The Boy Scouts of America will be soon inviting a new kind of member into their Cub Scout program: girls. The decision arrived on Wednesday in an announcement that declared girls could join the Boy Scouts' Cub Scout program starting next year. But that had many people wondering what the Girls Scouts of the USA thinks of this development.
Girl Scouts is, and will remain, the scouting program that truly benefits U.S. girls by providing a safe space for them to learn and lead.
The Boy Scouts organization explained its decision in a press release, claiming the "historic decision comes after years of receiving requests from families and girls."
The organization evaluated the results of numerous research efforts, gaining input from current members and leaders, as well as parents and girls who’ve never been involved in Scouting ― to understand how to offer families an important additional choice in meeting the character development needs of all their children.
In spite of the Boy Scouts opening up to girls in the future, the Girl Scouts tells Bustle that it won't be changing its for-girls and led-by-girls philosophy any time soon.
"Girl Scouts is, and will remain, the scouting program that truly benefits U.S. girls by providing a safe space for them to learn and lead," a Girl Scouts spokesperson says, adding, "Only Girl Scouts has more than 100 years of experience helping girls tap into their leadership potential by reinforcing and extending the skills they learn in school in a supportive, encouraging environment in which they feel safe to just be themselves."
"At Girl Scouts, we are girl experts, and we work every day to help girls develop the courage, confidence, and character necessary to make the world a better place," the spokesperson states.
President of Girl Scouts organization, Kathy Hopinkah Hannan, was once more critical. Back in August, Hannan wrote to Boy Scouts president Randall Stephenson regarding reports that the organization was expanding their program and said, "I formally request that [Boy Scouts] organization stay focused on serving the 90 percent of American boys not currently participating in Boy Scouts [...] and not consider expanding to recruit girls."
Hannan isn't the only one critical of the Boy Scouts' expansion to include girls. Some people online have expressed their own reasons for pushing against the decision. Some stated that girls should remain in girls-based organizations and boys should remain in their programs. One person claimed that it would somehow "devalue" the rank of an Eagle Scout if a girl was allowed to join it. Several opined that the decision was motivated by "political correctness."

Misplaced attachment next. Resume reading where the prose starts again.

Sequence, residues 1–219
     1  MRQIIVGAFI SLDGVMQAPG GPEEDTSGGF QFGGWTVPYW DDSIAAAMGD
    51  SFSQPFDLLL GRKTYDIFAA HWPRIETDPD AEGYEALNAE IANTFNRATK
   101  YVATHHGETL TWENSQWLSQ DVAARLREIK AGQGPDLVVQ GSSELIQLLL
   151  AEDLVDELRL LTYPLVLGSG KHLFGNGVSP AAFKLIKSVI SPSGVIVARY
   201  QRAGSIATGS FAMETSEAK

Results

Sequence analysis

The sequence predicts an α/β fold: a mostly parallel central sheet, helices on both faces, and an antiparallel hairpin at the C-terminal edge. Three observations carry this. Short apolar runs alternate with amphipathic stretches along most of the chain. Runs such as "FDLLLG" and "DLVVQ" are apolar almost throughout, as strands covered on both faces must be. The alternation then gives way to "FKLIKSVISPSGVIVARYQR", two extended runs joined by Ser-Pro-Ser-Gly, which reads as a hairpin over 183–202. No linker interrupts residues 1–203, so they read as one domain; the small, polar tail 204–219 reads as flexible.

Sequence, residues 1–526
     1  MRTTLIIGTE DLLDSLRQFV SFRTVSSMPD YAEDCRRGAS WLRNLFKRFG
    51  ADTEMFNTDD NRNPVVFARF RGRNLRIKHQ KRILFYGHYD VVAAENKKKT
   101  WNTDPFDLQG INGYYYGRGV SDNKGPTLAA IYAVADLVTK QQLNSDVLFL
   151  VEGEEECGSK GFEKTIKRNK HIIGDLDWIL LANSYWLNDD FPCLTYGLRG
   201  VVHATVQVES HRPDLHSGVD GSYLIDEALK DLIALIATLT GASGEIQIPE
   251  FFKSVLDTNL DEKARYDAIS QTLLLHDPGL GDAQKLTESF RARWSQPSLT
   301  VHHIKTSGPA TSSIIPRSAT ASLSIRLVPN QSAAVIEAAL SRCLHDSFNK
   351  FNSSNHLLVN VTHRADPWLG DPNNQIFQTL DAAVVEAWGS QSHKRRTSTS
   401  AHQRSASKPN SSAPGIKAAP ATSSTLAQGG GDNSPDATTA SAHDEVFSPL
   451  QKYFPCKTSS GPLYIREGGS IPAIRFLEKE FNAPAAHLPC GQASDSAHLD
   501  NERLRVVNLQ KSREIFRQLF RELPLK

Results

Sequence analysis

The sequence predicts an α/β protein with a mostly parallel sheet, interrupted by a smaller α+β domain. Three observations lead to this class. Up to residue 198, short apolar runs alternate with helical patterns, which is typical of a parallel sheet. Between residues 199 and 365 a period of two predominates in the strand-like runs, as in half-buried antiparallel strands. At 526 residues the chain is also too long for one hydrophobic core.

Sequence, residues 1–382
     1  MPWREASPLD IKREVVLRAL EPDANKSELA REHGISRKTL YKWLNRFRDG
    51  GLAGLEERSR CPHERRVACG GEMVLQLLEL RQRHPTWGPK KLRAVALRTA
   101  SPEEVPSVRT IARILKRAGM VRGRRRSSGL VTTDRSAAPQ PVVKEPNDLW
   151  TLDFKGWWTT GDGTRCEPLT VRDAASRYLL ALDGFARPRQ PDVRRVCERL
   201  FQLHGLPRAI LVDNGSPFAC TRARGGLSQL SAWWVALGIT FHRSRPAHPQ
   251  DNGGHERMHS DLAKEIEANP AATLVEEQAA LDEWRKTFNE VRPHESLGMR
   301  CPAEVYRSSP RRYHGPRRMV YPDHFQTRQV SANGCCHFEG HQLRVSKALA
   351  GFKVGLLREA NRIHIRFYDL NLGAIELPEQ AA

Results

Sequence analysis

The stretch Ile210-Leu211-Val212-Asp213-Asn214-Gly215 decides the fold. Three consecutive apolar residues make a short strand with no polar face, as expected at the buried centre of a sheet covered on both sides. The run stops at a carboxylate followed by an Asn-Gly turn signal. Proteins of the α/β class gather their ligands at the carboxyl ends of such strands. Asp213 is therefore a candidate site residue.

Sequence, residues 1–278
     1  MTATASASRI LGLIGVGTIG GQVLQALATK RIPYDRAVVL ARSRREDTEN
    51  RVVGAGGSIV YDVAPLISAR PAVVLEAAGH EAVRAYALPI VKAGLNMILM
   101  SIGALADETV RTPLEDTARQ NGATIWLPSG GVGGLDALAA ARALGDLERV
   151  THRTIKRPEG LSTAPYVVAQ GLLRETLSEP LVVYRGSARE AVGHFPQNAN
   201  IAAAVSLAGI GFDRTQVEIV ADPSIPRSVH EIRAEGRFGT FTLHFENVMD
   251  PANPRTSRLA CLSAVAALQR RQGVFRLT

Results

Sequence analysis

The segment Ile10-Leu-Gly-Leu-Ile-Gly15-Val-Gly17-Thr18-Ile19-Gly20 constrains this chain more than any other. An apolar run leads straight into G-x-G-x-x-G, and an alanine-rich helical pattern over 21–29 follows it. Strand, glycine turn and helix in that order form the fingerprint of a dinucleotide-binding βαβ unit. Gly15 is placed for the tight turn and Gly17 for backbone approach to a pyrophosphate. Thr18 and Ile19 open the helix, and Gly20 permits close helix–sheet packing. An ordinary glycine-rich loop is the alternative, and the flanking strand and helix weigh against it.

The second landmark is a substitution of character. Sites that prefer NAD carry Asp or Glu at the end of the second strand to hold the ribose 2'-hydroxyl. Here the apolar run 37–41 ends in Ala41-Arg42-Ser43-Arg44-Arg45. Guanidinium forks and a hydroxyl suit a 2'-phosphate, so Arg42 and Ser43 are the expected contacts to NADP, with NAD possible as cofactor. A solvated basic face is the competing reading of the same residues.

Supporters of the decision, however, expressed elation over the Wednesday announcement. One Twitter user noted, "Equality and inclusivity in the Boy Scouts is not 'political correctness.' It's basic human decency."
This won't be the first time that the organization opened its doors to girls. Ever since the 1970s, the Boy Scouts of America has given people the option of co-ed programs in the form of Exploring, Venturing, and some of its programs based in science and math. In addition to young girls getting a chance to enter the Cub Scout program, older girls will be able to join a separate program in 2019. The senior initiative could allow them to join the prestigious ranks of Eagle Scout.
In explaining its decision, the Boy Scouts cited a 2015 Pew Research study on social dynamics and families in America and said, "Families today are busier and more diverse than ever. Most are dual-earners and there are more single-parent households than ever before making convenient programs that serve the whole family more appealing."
The organization went on to note groups it felt weren't being served adequately and said, "Many groups currently underserved by Scouting, including the Hispanic and Asian communities, prefer to participate in activities as a family."
After conducting four internal surveys this year, Boy Scouts' organization wrote in their press release that parents seemed to be very interested in signing up their daughters for programs like Cub Scouts and Boy Scouts. "Education experts also evaluated the curriculum and content and confirmed relevancy of the program for young women," it added.
In spite of the Boy Scouts' plan to open its arms for girls in its Cub Scout program next year, Girl Scouts will continue to provide services and initiatives across the country. And it seems like this could be less of a problem and more of a chance for both organizations to provide young girls with even more opportunities in developing their educational and social skills. Win-win.